CHARLES CAUSLEY's poetry was consistently undervalued for fifty years. His death in November, at the age of 86, like other deaths in recent months, released a wave of affection and enthusiasm which, had it come a decade or two earlier, might have contributed to his work's just appraisal. Causley's poetry is marked by a formal innocence. He knew about Modernism, but what he had to say required not fragmentation but narrative, often balladic in character. He wrote poems for children and about them. He turned to Lorca - not the surrealist, but the maker of ballads and popular songs. He turned to John Clare. `O Clare! Your poetry, clear, translucent/As your lovely name, /I salute you with tears.' Such simplicity cannot be simulated. He comes as close as a poet can to the sentimental without falling over into mawkishness. Like Clare, like Lorca, like De la Mare. Innocence was one of Causley's themes (a schoolmaster for most of his life, he knew the bright and dark sides of Blake's child): innocence and its betrayal. His years in the Navy (1940-6) enriched his diction with odd colloquial metaphors and expressions. It also gave him themes and subjects: `separation, loss, death in alien places, extraordinary characters, a perpetual sense of unease about how things might end'. He played the piano in a four-piece band before the war and the rhythms of his poems sometimes follow song and dance beats. He wrote plays. In 1940 he began to write verse. Farewell, Aggie Weston (1951) was his first substantial book, in the vulgar tongue and the vulgar forms of popular verse. Every five or six years he has added a further slim volume, with a Collected Poems in 1975 and another in 1992. Sassoon, Housman and the Georgians made him proof against Pound and Eliot. De la Mare, Betjeman and MacNeice were of use to him. His strong themes - the sea on the one hand, and a core of religious concerns and ambivalences on the other - he shared with the people he lived among. He was a Cornishman through and through.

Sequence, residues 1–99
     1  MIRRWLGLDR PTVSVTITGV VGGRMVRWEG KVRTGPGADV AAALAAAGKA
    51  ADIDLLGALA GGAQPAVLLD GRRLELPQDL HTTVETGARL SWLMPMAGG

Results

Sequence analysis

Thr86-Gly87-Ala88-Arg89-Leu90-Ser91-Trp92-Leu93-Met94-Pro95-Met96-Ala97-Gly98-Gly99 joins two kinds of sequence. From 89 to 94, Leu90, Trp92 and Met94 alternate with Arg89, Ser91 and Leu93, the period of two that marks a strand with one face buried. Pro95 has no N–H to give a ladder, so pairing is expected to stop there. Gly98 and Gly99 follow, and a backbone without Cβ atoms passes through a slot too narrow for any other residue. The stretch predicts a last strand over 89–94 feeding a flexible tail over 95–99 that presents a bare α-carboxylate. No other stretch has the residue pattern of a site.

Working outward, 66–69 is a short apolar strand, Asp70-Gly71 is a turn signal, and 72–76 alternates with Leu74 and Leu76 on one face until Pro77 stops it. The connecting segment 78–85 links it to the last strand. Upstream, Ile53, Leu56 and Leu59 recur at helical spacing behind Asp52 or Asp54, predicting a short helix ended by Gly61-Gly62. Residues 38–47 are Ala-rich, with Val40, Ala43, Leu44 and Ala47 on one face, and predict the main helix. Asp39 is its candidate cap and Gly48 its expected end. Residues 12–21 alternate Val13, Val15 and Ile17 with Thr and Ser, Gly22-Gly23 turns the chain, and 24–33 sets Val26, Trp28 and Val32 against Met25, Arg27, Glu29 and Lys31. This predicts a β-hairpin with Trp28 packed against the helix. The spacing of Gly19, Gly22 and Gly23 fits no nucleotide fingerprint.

MIQUEL MARTÍ I POL, the Catalan poet who despite his disability emerged as one of the great twentieth-century writers in his language, died in the town of his birth, Roda de Ter, in November. He was 74. Beginning life as a `minstrel', accompanying his poems on his guitar, he was a poet wedded to his language during the long Franco dictatorship, and his work emerged into the European limelight only after Franco's death. The poet fell victim to multiple sclerosis in 1970 and his long `afterlife', as he wryly called it, was circumscribed by the progress of the disease. He was uncontestably the most popular Catalan poet of the second half of the twentieth century.

RONAN (RENÉ) HUON, noted champion of the Breton language and its literature, died in October in Brest. He was 81. He was much affected by a year spent in Wales, during which he witnessed the ways in which a language can live and flourish, sustained in its literature and part of the educational culture of a nation. He was a journal editor and became, at his own expense, a book publisher of Breton literature. He was a translator of Welsh and English literature into Breton, and a gifted schoolmaster.